The use of monoclonal antibodies for treatment of autoimmune disease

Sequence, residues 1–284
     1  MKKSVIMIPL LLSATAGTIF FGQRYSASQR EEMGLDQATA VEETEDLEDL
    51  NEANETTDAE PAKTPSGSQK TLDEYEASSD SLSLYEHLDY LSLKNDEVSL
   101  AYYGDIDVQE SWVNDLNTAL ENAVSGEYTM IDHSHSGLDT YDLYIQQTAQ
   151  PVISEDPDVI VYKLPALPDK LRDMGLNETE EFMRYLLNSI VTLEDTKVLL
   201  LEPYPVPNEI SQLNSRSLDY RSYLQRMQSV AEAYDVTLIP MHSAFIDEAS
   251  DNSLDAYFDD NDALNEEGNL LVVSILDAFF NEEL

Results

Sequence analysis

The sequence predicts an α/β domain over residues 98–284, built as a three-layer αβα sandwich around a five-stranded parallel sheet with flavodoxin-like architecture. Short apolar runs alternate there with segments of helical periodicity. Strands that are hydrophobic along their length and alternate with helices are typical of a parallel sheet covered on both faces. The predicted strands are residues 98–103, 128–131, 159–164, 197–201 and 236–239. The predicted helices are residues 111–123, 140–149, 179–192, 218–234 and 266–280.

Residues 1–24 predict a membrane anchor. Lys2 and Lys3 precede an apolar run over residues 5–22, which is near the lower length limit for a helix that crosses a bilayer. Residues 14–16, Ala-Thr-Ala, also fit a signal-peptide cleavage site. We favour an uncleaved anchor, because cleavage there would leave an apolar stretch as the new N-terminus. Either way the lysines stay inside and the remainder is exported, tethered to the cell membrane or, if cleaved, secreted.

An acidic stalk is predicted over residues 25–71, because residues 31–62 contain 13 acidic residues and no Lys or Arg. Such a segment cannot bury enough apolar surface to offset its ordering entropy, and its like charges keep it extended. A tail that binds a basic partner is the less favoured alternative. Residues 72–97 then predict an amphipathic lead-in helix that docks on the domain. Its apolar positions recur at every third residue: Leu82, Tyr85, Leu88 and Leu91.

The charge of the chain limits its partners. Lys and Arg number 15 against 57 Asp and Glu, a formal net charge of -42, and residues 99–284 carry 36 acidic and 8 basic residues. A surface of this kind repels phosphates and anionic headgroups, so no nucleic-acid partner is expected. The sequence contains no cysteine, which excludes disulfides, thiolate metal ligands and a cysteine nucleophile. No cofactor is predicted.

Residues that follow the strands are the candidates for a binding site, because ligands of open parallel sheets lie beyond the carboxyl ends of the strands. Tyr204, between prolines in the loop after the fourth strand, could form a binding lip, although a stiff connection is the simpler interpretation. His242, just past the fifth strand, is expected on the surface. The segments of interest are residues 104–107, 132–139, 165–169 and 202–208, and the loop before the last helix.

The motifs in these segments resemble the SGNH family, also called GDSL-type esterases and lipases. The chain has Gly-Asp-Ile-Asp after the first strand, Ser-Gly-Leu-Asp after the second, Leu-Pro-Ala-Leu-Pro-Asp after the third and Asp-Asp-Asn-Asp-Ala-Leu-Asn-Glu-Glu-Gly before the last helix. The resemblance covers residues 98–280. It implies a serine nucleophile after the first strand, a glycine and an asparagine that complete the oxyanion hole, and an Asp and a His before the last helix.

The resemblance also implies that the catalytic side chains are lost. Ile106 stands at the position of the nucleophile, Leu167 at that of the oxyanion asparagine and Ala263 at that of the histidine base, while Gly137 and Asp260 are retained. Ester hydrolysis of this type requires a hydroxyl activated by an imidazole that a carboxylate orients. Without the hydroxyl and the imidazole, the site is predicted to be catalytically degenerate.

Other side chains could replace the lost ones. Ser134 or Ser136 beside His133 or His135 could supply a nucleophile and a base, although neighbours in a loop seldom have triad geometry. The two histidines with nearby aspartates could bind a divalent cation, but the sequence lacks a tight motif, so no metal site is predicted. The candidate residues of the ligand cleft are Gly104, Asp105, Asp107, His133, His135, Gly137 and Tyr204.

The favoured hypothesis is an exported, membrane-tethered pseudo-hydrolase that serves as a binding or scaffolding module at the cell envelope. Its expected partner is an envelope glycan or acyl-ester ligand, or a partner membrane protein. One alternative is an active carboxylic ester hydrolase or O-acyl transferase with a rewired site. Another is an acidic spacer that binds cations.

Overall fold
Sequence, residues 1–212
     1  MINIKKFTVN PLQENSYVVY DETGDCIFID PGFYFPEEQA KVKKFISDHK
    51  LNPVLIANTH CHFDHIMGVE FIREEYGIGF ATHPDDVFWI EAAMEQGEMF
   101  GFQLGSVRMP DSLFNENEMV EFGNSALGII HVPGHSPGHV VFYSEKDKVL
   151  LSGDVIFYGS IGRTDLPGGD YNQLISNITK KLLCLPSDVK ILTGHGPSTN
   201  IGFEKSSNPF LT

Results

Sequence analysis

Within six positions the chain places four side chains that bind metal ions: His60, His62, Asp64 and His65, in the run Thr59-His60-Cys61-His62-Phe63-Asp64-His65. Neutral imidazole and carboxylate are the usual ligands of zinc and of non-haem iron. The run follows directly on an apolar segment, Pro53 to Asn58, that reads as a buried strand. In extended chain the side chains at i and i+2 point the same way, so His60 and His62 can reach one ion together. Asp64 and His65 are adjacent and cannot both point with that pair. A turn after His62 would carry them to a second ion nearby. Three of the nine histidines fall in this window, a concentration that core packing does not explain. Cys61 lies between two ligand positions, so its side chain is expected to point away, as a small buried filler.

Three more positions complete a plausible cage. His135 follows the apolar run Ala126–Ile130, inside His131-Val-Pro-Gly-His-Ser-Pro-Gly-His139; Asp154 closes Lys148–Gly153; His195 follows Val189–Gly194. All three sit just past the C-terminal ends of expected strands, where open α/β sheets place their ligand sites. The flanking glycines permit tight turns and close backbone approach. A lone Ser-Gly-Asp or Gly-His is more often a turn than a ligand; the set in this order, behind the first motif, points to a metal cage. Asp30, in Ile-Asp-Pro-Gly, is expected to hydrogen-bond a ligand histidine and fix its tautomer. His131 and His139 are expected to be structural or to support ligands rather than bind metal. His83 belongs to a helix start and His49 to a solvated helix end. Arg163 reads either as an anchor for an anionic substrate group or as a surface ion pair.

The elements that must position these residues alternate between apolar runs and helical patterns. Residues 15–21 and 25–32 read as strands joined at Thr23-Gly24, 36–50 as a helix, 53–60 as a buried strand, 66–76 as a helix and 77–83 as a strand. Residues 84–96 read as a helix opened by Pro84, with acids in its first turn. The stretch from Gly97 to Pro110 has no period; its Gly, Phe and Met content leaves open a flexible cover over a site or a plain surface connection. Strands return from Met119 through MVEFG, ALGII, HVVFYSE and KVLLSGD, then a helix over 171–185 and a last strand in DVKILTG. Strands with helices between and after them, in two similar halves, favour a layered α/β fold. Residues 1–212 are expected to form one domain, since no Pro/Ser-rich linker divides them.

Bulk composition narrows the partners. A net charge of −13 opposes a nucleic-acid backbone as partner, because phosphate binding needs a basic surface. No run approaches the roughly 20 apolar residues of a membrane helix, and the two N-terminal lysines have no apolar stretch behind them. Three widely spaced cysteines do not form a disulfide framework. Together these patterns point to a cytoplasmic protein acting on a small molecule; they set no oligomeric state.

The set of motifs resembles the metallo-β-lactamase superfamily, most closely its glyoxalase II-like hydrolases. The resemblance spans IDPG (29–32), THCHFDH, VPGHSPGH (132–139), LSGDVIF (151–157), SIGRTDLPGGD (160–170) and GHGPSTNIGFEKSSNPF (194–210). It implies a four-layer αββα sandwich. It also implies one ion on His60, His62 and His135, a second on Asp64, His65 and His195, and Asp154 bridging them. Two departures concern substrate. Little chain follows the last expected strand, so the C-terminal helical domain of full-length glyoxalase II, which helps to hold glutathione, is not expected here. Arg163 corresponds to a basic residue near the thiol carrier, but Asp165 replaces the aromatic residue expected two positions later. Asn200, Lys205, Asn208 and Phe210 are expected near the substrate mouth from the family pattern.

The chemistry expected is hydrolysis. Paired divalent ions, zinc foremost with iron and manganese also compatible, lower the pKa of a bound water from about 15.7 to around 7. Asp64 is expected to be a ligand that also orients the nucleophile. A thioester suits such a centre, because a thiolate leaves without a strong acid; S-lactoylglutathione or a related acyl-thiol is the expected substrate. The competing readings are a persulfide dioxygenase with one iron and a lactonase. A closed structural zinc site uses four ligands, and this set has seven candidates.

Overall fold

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Over the past decade monoclonal antibodies have been successfully employed in a number of animal models of autoimmune disease. We have used antibodies to the class II gene products of the major histocompatibility complex, the CD4 molecule on helper T cells, and the T-cell receptor. Monoclonal anti-class II antibodies have been administered to treat paralytic disease in the animal model of multiple sclerosis—experimental allergic encephalomyelitis. These antibodies not only reverse acute paralytic disease but also decrease the number of relapses in a model of relapsing/remitting multiple sclerosis when given after the first attack. The advantage of this form of therapy is that it is haplotype specific. In other words, in a heterozygous individual it is possible to block the major histocompatibility gene associated with disease susceptibility while leaving other major histocompatibility gene products free for antigen presentation. Thus, animals given this form of immunotherapy are not significantly immunosuppressed. Antibodies to the CD4 molecule have been equally effective in treating animal models of autoimmunity. We and others have reversed ongoing paralysis in experimental autoimmune encephalomyelitis. Relapses have been diminished after the administration of anti-CD4. Antibodies to CD4 have been used successfully to treat animal models of systemic lupus erythematosus, rheumatoid arthritis and myasthenia gravis. Recent trials with anti-CD4 have been successful in the treatment of rheumatoid arthritis and cutaneous T-cell lymphoma. The latter trial employed a chimeric human/mouse antibody. Antibodies to the variable region of the T-cell receptor have been employed to treat experimental autoimmune encephalomyelitis. These antibodies were effective in both preventing and reversing ongoing disease. These antibodies targeted the variable region gene products of T-cell receptors that were involved in autoimmune disease. It is remarkable that a limited heterogeneity of T-cell receptors is responsible for autoimmune conditions. However, in certain instances the T-cell receptor repertoire is more diverse and may require a cocktail of monoclonal antibody reagents. Other approaches to treatment of autoimmune disease based on targeting the variable region of the T-cell receptor involve active molecular vaccination.